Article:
Eriocheir sinensis is the only Decapoda in which Dmrt genes have been studied. This mitten crab is a gonochoric animal, but the genetic basis of its sex determination remains unknown. Only one Dmrt gene has been isolated in this species [42]: the EsDMRT-like gene, which shows 37% homology with DMRT99B isolated from Drosophila. This gene is present in both males and females, but is only expressed in the testis (not in ovary, heart, hepatopancreas, muscle, thoracic ganglion or gill) [42].

Interestingly, the transcript level is higher in immature testis compared to mature testis. In situ hybridization showed that EsDMRT-like transcripts in the testis can be detected in both Sertoli and germ cells. Together, these findings suggest that this gene plays a role in male differentiation. It's possible role in male determination cannot be assessed, however, as the kinetic expression pattern has not yet been analyzed.

7. Amphibia

In general, amphibian sex determination is genetically controlled byXY/XX (i.e.,Ranalivida) or ZW/ZZ (i.e.,Xenopus) systems[43]. However, some species possess acertain amount ofplasticity. For instance, different populations of the frog,Ranarugosa, possessdifferent determination systems[44], and the sex of the salamander,Hynobiusretardatus, can be modified by environmental cues (genetic malescan convert to phenotypic females at a high temperature)[45].


a. Anura

The important role of Dmrt genes in the sex determination process has been clearly demonstrated in the African clawed frog, Xenopus laevis. In this species, two DM domain-containing genes have been identified: Dmrt1 [46] and its paralog, Dm-W [ 9]. Dmrt1 is found on chromosomes 2 and 3, as Xenopus experienced genomic duplication during evolution [9]. Both genes are expressed early in embryonic development and are candidates to be sex determination genes. Spatially, Dmrt1 is exclusively expressed in male and female primordial gonads, while Dm-W is only expressed in female primordial gonads [9]; both genes co-localize in the somatic cells surrounding primordial cells [45].

Temporally, Dmrt1is expressed during all gonadal differentiation steps in testis and ovary [9, 47],while Dm-W is only expressed at the time of sex differentiation[9]. Dm-W was shown to bind the same DNA sequence as Dmrt1, thereby antagonizing its transcriptional activity [9]. Dm-W plays a primordial role in female sex determination, as shown using gain- and loss-of-function analyses. These studies yielded the following three main results: First, constitutive expression of the female Dm-W gene in ZZ male Xenopus was shown to induce the development of ovotestis but not normal ovaries, suggesting that another W- or Z-specific gene might contribute to the latter. Second, knockdown of Dm-W expression in ZW female Xenopus induced male development. Third, constitutive expression of maleDmrt1in ZW female Xenopus induced male development. Based on the above-described results, the following scenario was proposed for sex determination in Xenopus: in female tadpoles, Dm-W binds the Dmrt1target sequence to block the development of testes, while in male tadpoles,Dmrt1acts freely as a testis-forming factor [48]. To date, the Dm-W gene is the only known female-determining factor. It was recently shown that Dm-W is not present in all Xenopus species[46];instead, some closely related species differ in possessing or not possessing the Dm-W gene (i.e., X. laevis versus X.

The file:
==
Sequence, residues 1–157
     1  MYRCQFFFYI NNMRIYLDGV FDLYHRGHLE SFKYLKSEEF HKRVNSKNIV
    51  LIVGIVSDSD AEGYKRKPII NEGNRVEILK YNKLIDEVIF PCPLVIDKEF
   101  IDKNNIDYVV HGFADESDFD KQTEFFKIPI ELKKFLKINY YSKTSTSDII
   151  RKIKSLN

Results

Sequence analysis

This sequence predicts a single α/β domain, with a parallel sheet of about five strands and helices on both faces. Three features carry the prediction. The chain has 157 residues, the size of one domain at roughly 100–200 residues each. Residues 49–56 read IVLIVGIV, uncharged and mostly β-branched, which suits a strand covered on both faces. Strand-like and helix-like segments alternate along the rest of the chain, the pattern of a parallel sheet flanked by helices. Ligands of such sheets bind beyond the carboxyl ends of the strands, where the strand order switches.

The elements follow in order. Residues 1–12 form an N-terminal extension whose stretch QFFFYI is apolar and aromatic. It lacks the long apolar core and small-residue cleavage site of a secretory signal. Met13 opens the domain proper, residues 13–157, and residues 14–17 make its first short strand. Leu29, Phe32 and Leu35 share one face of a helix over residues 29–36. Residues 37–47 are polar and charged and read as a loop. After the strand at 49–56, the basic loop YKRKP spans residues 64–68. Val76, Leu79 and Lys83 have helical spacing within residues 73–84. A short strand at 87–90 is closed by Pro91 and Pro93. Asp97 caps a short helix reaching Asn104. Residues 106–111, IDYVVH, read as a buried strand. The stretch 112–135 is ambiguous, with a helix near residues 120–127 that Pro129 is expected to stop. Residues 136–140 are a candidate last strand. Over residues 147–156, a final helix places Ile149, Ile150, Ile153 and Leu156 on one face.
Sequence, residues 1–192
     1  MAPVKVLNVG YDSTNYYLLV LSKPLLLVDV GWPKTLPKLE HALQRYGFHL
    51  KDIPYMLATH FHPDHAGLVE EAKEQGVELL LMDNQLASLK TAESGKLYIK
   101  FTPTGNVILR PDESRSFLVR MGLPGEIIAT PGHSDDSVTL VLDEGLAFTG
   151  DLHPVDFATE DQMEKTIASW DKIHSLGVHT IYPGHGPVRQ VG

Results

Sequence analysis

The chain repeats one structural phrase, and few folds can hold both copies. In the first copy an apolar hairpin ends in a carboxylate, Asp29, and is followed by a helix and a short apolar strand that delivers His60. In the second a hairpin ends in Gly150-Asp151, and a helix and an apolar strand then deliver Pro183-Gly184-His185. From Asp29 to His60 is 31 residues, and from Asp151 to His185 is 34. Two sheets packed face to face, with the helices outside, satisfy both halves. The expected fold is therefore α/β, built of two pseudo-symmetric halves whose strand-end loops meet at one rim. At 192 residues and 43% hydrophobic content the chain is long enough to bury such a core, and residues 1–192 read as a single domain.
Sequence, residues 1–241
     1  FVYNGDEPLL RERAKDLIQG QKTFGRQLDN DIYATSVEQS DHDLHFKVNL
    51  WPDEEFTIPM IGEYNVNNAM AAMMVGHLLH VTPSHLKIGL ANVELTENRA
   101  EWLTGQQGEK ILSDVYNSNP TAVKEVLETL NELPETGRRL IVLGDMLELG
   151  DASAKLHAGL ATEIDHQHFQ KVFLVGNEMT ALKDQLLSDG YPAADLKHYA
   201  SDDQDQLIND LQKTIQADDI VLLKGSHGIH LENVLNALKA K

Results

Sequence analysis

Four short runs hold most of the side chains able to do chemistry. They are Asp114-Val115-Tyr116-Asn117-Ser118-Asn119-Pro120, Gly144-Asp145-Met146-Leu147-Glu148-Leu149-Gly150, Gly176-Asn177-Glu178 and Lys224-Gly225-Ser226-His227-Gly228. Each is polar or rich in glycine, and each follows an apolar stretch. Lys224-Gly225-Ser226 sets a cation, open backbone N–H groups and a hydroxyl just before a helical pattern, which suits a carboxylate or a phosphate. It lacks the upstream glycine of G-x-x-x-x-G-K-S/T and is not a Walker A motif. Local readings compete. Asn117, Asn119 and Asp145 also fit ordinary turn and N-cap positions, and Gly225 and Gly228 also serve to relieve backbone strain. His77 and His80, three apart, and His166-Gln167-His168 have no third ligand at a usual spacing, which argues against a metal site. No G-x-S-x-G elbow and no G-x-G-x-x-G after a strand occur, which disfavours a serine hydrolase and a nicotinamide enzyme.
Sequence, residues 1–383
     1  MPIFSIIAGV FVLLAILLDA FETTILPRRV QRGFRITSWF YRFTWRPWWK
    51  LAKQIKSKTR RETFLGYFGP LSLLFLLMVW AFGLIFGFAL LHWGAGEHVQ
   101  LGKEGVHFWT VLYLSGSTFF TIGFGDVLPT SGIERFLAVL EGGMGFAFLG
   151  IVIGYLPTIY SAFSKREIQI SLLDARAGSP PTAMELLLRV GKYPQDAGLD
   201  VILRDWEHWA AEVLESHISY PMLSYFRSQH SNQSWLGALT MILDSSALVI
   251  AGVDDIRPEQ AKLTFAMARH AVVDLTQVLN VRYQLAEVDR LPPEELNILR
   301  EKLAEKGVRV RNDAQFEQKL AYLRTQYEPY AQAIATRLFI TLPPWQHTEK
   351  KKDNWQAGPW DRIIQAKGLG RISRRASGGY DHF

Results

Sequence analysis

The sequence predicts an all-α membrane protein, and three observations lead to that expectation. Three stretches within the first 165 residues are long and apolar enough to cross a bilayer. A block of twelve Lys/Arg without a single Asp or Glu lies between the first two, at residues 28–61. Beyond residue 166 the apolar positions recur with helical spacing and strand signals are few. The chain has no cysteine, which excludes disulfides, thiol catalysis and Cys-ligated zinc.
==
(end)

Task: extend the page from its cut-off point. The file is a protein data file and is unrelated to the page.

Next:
borealis),suggesting that the mechanism of sex determination might differ even within the same order.

Dmrt genes have been identified in various other frog species, including Rana plancyi, R. nigro maculata, R. livida, R. rugosa, Microhyla ornata, Engystomops pustulosus and Odorrana schmackeri.

R.rugosa is an interesting animal model for studying sex differentiation processes, because the sex of an XX female tadpole can be modified by injection of testosterone[49]. Four Dmrt genes have been identified in R. rugosa and their spatial expression is summarized in Table 2. All of these genes are expressed in testis only Dmrt5 is expressed in ovary. Dmrt1is expressed by interstitial cells, Sertoli cells and germinal cells of the testes[50]. Except for ovary, the organ-level gene expression pattern has only been tested in male adult frogs; thus, we lack detailed information on the expression of Dmrt1 in males versus females. The expression patterns vary according to the gene and organs considered [50- 52]. However, as these studies used RT-PCR, not quantitative-RT-PCR, the relative expression levels should be interpreted with caution.


In terms of temporal expression, the patterns exhibited by all four genes are similar for males and females in the developing gonads of embryos and tadpoles, and for each of the seven developmental stages tested [51]. In sex-reversal experiments performed using the XX female tadpole, researchers observed that Dmrt1 is not expressed in the ovary, but rather appears after testosterone injection [50].